On a dark winter’s night in January 1700 a tsunami struck Japan. It flooded fields, swept away villages for miles inland and cost many lives. Even as far back as 1700 the Japanese had made the connection between earthquakes and Tsunami, but this time there was no earthquake, no warning to allow the people time to evacuate to higher ground. The tsunami was called the ‘orphan tsunami’ because it had no ‘parent’ earthquake. For more than 300 years the origin of the orphan tsunami remained a mystery.
In the 1980s Hiroo Kanamori and Tom Heaton published a paper that said the 1700 tsunami was caused by a massive rupture of the Cascadia fault line that runs off the west coast of the United States from California to Vancouver. In 1987 Brian Atwater studied soil samples far inland across the length of the fault and discovered that the United States had also suffered a tsunami at the same time as the Japanese. He concluded that Kanamori and Heaton were correct, a massive earthquake had sent a tsunami out from the source of the quake inundating the coasts on both sides of the Pacific.
Recent studies by researchers at the University of Pennsylvania has concurred on the findings of previous studies.
The Cascadia Fault is a subduction zone, an area where one of the tectonic plates is forced underneath the plate it collides into. In the case of Cascadia the Juan de Fuca Plate is moving under the North American Plate. These plates have been locked together since 1700, 313 years. A particular feature of the Cascadia Fault is that it doesn’t produce small quakes, it remains still and silent until the pressure gets too much and one of the plates slips…giving rise to a mega-thrust earthquake of massive force. These quakes can be compared to the Indonesian quake of 2004 and the Japanese quake of 2011.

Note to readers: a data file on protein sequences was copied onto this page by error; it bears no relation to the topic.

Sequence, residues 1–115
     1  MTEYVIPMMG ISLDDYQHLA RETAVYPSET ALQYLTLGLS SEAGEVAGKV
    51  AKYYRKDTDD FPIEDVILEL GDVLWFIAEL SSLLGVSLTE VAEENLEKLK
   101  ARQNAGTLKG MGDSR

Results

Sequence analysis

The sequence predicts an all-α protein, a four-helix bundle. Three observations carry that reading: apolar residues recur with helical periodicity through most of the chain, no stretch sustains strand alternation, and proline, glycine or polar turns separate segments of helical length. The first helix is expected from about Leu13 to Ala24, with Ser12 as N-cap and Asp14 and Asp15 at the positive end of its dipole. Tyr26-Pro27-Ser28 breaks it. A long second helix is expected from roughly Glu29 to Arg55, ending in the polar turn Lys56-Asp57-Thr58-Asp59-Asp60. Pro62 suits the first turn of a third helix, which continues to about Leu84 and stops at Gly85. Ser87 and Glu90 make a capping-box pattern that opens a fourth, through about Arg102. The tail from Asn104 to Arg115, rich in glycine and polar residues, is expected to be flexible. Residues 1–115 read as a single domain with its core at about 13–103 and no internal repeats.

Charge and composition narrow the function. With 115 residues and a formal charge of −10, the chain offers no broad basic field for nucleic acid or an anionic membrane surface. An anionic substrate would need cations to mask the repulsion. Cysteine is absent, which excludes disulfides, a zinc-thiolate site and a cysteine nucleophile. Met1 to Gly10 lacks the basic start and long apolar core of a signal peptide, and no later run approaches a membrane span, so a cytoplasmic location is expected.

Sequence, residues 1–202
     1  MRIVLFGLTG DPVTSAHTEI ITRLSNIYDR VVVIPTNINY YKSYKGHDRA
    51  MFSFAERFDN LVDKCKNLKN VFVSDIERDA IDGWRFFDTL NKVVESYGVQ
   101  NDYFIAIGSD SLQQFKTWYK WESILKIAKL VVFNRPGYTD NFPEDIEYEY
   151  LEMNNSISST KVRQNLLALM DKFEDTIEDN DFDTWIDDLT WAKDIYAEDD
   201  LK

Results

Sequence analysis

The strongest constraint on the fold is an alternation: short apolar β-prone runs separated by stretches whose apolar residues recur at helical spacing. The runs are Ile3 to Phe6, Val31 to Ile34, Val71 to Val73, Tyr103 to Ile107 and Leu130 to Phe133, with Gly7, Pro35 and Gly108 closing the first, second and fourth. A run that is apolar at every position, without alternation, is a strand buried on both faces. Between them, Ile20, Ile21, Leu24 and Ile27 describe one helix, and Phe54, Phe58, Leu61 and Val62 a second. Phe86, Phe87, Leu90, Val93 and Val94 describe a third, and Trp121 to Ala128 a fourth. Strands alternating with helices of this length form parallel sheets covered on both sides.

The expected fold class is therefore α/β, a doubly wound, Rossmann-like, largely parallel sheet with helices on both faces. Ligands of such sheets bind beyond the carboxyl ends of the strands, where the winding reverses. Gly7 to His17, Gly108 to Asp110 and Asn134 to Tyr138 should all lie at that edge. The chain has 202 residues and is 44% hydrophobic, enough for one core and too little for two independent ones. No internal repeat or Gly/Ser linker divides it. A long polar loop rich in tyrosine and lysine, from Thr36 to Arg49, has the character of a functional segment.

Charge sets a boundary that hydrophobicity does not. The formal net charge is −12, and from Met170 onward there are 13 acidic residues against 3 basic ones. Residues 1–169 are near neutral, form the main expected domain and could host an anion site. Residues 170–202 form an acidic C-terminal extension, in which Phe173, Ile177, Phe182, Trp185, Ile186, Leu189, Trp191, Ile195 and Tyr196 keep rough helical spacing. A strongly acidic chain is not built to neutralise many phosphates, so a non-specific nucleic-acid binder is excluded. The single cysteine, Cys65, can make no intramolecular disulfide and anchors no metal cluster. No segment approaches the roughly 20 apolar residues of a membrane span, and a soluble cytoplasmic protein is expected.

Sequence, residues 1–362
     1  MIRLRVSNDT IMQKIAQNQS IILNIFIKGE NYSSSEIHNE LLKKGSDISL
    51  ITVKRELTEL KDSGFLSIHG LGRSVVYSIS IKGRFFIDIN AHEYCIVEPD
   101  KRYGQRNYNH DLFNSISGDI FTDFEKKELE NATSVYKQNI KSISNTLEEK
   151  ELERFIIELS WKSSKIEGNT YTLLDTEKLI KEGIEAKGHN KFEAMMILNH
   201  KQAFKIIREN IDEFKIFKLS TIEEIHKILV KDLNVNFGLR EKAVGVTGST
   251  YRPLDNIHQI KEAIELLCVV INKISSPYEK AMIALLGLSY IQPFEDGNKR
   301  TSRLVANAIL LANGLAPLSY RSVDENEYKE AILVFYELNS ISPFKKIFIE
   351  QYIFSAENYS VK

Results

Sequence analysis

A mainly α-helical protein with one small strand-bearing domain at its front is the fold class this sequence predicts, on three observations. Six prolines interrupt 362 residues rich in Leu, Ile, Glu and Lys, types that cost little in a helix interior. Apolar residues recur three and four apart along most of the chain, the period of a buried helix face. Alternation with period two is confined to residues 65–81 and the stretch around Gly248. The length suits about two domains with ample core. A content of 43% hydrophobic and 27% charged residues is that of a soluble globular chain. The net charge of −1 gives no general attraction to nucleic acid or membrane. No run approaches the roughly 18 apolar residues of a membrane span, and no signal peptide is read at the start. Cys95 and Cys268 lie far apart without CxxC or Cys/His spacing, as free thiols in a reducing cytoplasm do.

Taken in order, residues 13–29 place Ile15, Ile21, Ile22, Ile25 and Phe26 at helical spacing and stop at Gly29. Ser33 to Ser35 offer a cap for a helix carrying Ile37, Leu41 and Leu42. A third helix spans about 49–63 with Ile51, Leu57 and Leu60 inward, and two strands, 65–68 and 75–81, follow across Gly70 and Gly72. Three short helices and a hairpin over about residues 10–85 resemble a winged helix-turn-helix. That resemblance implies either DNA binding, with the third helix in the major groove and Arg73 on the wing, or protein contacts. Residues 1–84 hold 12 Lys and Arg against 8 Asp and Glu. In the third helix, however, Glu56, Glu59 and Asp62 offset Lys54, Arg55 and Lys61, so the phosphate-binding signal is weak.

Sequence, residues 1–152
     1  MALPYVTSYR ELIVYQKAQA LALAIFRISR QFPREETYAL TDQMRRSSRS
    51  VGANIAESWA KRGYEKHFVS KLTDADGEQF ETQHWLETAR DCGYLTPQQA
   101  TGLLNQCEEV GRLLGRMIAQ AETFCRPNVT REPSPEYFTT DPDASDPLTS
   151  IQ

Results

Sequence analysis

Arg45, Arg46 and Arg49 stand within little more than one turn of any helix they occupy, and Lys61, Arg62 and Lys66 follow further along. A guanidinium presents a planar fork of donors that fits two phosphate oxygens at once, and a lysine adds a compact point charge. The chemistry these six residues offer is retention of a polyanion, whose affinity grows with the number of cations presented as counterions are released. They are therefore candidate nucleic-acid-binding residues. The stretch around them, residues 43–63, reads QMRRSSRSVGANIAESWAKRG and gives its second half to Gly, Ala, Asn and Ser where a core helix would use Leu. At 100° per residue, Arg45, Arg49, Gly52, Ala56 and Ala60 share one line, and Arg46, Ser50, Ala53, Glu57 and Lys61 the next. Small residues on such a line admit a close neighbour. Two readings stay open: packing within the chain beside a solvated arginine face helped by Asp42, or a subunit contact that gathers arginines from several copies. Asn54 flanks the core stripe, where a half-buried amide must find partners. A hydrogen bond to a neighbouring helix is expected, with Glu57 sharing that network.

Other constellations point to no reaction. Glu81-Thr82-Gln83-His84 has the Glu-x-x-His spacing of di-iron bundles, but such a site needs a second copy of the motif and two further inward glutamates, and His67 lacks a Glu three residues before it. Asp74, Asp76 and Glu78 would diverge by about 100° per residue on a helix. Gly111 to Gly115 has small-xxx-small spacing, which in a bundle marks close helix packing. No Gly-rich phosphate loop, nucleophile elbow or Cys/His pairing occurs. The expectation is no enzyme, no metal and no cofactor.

The Cascadia fault is long, very long, just over 800 miles (1300km) in length. Based on the findings of the scientists the tsunami caused by the 1700 event moved inland for more than 60 miles, wiping out everything in its path. Of course in 1700 Seattle wasn’t there, neither was Vancouver, San Francisco, Portland or any of the other cities and metropolitan areas currently occupied by millions of people.
The Cascadia, courtesy of its length will give rise to a long quake if the whole fault ‘unzips’ at the same time, as it’s believed to have done in 1700. The first P waves will travel the length of the fracture in a minute or two; the S waves that follow, the ones that cause the real damage are slower and will cause shaking and movement for about five minutes though their speed can vary depending on the rock they are traveling through.
Any buildings not built to withstand earthquakes will collapse. Depending on the duration and magnitude of the quake it cannot be assumed that even ‘hardened’ buildings will remain standing. Many areas have sedimentary basins under urban sprawl and this amplifies the waves and the damage they cause.